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El Cantante Review


Unbearable
¡Cómo terrible!

Leon Ichaso's El Cantante, a frenzied and paper-thin attempt to lionize beloved salsa singer Hector Lavoe (played by Marc Anthony), convinced me it's time to put the musical-biopic genre on the shelf for a few years.

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Serendipity Review


Good
I must admit I'm going to be a bit biased in my review of the new romantic comedy Serendipity, because that also defines how I met my current girlfriend. The magic and mystery of our fated encounter is also embodied in the quirkiness and freshness of the very funny and very romantic Serendipity. I am not a big fan of the romantic comedy genre, but something drew me to this film. Maybe it was the casting of the underrated Jeremy Piven in a supporting role, and the hilarious Eugene Levy. Maybe it was my hope that John Cusack would get the redemption he justly deserves after such crap as High Fidelity, Con Air, and Pushing Tin. But maybe it was because I feel as giddy as a school kid right now with this whole romantic thing currently in my life.

The story of Serendipity is simple. Two people, John Trager (John Cusack) and Sara Thomas (Kate Beckinsale, looking ever so hot), have a chance encounter over a pair of gloves -- with Buck Henry smack dab in the middle. Charmed beyond repair, these two knuckleheads grab a sundae together at a café called Serendipity, talk about that irresponsible thing called fate and the avenues it leads people down, and spend a few hours at the local ice skating rink. But with each of them already involved with other parties, Sara has John write his name and number on a $5 bill and she writes her name and number on a copy of Love in the Time of Cholera. Sara declares that if this "thing" -- let's just call it love -- is destined to happen, fate will bring them together in the future.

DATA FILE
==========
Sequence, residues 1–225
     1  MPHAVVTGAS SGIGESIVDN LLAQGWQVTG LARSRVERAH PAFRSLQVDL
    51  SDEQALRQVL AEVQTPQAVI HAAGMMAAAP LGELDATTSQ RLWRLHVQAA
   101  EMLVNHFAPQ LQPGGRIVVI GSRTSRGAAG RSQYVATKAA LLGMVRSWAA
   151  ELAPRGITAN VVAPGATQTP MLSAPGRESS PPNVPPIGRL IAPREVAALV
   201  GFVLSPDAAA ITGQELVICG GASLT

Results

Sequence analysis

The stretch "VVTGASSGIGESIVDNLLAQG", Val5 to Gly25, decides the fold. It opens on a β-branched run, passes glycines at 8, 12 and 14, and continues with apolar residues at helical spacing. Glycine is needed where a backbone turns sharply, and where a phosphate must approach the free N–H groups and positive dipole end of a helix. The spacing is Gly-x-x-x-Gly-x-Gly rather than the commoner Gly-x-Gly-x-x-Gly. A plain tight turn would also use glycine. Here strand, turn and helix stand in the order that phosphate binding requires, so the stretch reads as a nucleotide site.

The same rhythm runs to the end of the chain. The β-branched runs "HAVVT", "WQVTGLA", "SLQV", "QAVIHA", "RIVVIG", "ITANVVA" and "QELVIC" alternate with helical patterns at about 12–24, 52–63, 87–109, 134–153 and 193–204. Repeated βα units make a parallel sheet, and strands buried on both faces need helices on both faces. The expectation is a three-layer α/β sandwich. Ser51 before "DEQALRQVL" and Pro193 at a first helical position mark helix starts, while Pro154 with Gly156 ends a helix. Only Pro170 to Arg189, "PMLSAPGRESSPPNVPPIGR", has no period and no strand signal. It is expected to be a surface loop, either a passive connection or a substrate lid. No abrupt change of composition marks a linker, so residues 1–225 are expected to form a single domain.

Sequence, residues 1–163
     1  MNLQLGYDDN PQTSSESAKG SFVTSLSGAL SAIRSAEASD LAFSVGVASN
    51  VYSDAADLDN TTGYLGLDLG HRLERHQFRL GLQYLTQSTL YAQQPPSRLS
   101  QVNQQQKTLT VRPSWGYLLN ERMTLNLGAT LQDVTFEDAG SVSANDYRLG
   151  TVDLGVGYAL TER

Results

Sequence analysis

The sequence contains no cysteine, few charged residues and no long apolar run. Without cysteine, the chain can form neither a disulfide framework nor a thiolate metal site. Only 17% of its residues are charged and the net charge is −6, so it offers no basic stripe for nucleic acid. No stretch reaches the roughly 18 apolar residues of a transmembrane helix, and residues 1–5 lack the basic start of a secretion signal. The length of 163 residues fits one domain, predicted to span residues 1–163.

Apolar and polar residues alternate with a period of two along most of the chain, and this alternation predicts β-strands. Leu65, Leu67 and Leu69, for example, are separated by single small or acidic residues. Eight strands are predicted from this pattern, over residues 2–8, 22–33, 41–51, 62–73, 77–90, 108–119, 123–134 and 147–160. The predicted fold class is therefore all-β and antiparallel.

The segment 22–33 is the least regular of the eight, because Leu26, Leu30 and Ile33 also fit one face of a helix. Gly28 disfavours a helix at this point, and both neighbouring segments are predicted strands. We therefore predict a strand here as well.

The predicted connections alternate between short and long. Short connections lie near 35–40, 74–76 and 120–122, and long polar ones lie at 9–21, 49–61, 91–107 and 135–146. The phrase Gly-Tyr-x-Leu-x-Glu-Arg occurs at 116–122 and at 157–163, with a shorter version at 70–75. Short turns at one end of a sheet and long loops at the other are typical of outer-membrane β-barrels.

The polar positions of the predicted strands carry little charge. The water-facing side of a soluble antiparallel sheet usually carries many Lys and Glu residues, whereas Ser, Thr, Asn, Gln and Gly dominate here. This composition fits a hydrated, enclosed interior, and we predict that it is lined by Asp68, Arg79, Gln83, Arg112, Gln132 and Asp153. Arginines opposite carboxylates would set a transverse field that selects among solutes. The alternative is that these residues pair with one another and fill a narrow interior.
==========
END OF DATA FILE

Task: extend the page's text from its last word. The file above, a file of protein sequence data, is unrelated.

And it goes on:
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Shall We Dance? (2004) Review


Terrible
In Shall We Dance?, Richard Gere plays a man in the throes of a mid-life crisis. This is new territory for the 55-year-old actor who's always found himself opposite considerably younger leading ladies. Here, he actually plays a man his age, and is married to someone a bit more believable. Has Gere finally grown up? Of course not! He decides taking ballroom dance lessons from a woman 20 years his junior will help out of his funk.

Gere plays Chicago lawyer John Clark, a man in a rut. Day after depressing day, it's the same routine of drawing up a few wills, running a couple miles on the treadmill, and returning home to apathetic wife Beverly (Susan Sarandon) and their two teenage children. The only highlight of his day is the fleeting moment when the "L" train passes by the beautiful but solemn looking woman in the window of Miss Mitzi's Dance School. Drawn to her, John impulsively jumps off the train and into the dance studio where he's confident that lessons will bring happiness back to his life.

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Town & Country Review


Grim
Past-their-prime actors don't die -- they pick up studio paychecks for hack projects like Town & Country. This drama/comedy/message-movie overflows with wannabe heartfelt sentiment like a three-day old colostomy bag.

Long mired in rewrites, delays, and dismal test screenings, it's easy to see why the studio gods postponed delivery of this stinking mess until the dumping grounds of spring, just before the big summer releases. We get two strong actors -- Warren Beatty and Diane Keaton -- mixed together with a few lesser actors -- Goldie Hawn, Garry Shandling, and Andie McDowell -- and they all get to wade through an aimless script (polished up by Buck Henry!) about infidelity, homosexuality, and dysfunctional family affairs. It would have been better served heading straight to video.

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The Mighty Review


Good
Sentimental and mushy, yet heartwarming despite your best efforts to the contrary, The Mighty was termed by Sharon Stone as her proudest moment of 1998. Never mind she has about 5 minutes of screen time. Gillian Anderson's hooker is the real gem of the movie, which tells the tale of a friendship between a dim hulk of a boy and a crippled, yet brainy kid. As improbable as any film I've seen, but at least not awful to watch.
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